POLTERGEIST II: THE OTHER SIDE (1986) may not glow with the bright raw power of its superior predecessor, but its corny heart is in the right place; it sports some great performances, has a fantastic Jerry Goldsmith score (which I’m listening to now), and is the home to more than a few potent as hell kindertraumas. Here are some that spring immediately to my mind; feel free to add your personal favorites in the comments.
Reverend Kane at the Door. Don’t blame the self-confessed, downwardly mobile Freeling family for their temporary digs, shacking up with Grammy Jess (Geraldine Fitzgerald) in Arizona; keep in mind their previous home up and disappeared into another dimension. One day while playing in the front yard Carol Anne (Heather O’Rourke) spies the same ghoulishly macabre, slinky man, who freaked her out earlier at the mall approaching with an apparent rain cloud over his head. Now, every scene which features Julian Beck’s incredible performance as sinister, deceased cult leader Reverend Kane is gruesomely effective but his attempt to enter the Freeling’s current temporary place of residence really takes the cake. After ignoring every possible not-so-subtle cue that he’s very much not welcome, insulting our favorite father’s manhood while attempting to Jedi-mind trick him, and even getting rebuffed with a whimper by the family dog (the heroic Pooch E. Buzz) he takes his gloves off and cuts to the chase screaming, “You’re all going to die in there!” It’s simple, to the point, and considering the family’s track record, hard to dispute.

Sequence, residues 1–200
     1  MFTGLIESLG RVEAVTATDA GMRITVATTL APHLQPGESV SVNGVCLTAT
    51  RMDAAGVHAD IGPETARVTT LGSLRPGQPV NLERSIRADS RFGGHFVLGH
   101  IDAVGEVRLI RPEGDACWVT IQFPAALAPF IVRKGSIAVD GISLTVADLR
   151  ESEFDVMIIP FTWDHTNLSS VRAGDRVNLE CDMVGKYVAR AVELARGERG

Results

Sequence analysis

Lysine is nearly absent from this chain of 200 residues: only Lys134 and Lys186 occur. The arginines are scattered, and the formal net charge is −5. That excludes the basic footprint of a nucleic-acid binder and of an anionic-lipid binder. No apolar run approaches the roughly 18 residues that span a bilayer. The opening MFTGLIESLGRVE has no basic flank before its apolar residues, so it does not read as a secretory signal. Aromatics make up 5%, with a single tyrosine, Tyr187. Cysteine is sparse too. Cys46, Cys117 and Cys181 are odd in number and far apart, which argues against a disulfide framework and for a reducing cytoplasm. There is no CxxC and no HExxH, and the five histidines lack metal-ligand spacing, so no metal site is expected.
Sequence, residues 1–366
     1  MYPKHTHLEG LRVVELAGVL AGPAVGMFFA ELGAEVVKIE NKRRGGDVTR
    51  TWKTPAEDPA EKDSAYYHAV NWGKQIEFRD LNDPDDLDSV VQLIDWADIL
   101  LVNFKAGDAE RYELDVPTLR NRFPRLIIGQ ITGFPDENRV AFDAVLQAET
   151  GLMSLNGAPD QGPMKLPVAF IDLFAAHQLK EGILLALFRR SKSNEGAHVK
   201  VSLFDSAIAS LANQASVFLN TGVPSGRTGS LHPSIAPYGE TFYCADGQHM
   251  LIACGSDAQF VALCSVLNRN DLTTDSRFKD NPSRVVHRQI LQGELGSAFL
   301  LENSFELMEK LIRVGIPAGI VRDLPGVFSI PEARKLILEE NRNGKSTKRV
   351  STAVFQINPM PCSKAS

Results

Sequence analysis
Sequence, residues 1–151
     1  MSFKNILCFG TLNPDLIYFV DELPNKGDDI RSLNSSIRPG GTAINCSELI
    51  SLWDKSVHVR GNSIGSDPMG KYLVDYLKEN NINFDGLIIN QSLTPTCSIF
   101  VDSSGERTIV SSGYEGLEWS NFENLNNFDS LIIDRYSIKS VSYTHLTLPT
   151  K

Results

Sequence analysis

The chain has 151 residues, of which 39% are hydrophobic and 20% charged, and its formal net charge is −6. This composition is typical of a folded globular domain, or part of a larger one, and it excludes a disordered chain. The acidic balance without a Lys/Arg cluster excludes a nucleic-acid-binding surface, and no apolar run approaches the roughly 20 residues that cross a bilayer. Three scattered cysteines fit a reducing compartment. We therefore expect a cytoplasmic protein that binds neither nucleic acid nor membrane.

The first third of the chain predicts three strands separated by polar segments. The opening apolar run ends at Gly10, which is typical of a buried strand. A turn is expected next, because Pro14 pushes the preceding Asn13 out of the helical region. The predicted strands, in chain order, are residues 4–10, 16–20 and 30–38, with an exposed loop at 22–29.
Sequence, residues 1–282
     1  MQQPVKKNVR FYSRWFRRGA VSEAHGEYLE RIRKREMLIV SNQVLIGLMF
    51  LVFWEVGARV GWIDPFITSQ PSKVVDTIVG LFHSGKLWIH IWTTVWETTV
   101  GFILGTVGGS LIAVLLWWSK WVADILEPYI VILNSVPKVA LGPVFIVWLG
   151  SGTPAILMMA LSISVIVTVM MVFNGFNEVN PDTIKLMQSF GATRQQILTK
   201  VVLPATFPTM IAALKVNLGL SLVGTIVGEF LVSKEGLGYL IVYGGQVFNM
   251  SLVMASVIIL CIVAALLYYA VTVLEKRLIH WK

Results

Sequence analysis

The Demonic Tequila Worm. Rightfully frazzled thanks to the current onslaught of supernatural activity, Steve Freeling (Craig T. Nelson) understandably turns to a bottle of tequila to buffer the perpetual chaos. Unfortunately, he also inadvertently swallows a worm from the bottle which houses the spirit of Reverend Kane (aka The Beast), and soon he is cackling like a maniac, hurling hurtful accusations and forcing himself upon his mortified wife Diane (JoBeth Williams). In a last-ditch effort to break through to her husband, who is clearly possessed by an evil entity, Diane reaffirms her love for Steve which results in him puking up a humungous, mucus-covered creature with Kane’s snarling face which slithers away to wreak havoc elsewhere. The scene works as a pure gross-out extravaganza (the special effects are amazing) but hits much deeper on a psychological level as it’s truly disturbing to see such a beloved character behave in such a fashion. Simultaneously, it stokes fears of losing control over one’s actions as the audience has grown to empathize with this character (who may possibly be horror’s greatest father figure). It’s all very off-putting and must be particularly so for anyone who has ever known a loved one who suffered from mental illness or alcoholism.
Lawn of the Dead. Poor Diane Freeling always seems to be a corpse magnet! While processing and grieving the death of her beloved clairvoyant mother Gramma Jess (sorry for the spoiler), Diane has a very bad dream. She’s out in the front yard next to the lovely rose garden she and her mother once planted when a bunch of skeletal hands pop up from the ground and grab her. Worse still, a multitude of decrepit corpses yank her into the ground and then the soil returns to its previous state as if she never existed. There is a multitude of in-your-face dangers carousing about in P2 (even a floating chainsaw) but for some reason, this incidental jump-scare nightmare that pointedly expresses the unanimous fear of the grave is always a direct hit to my morbid heart.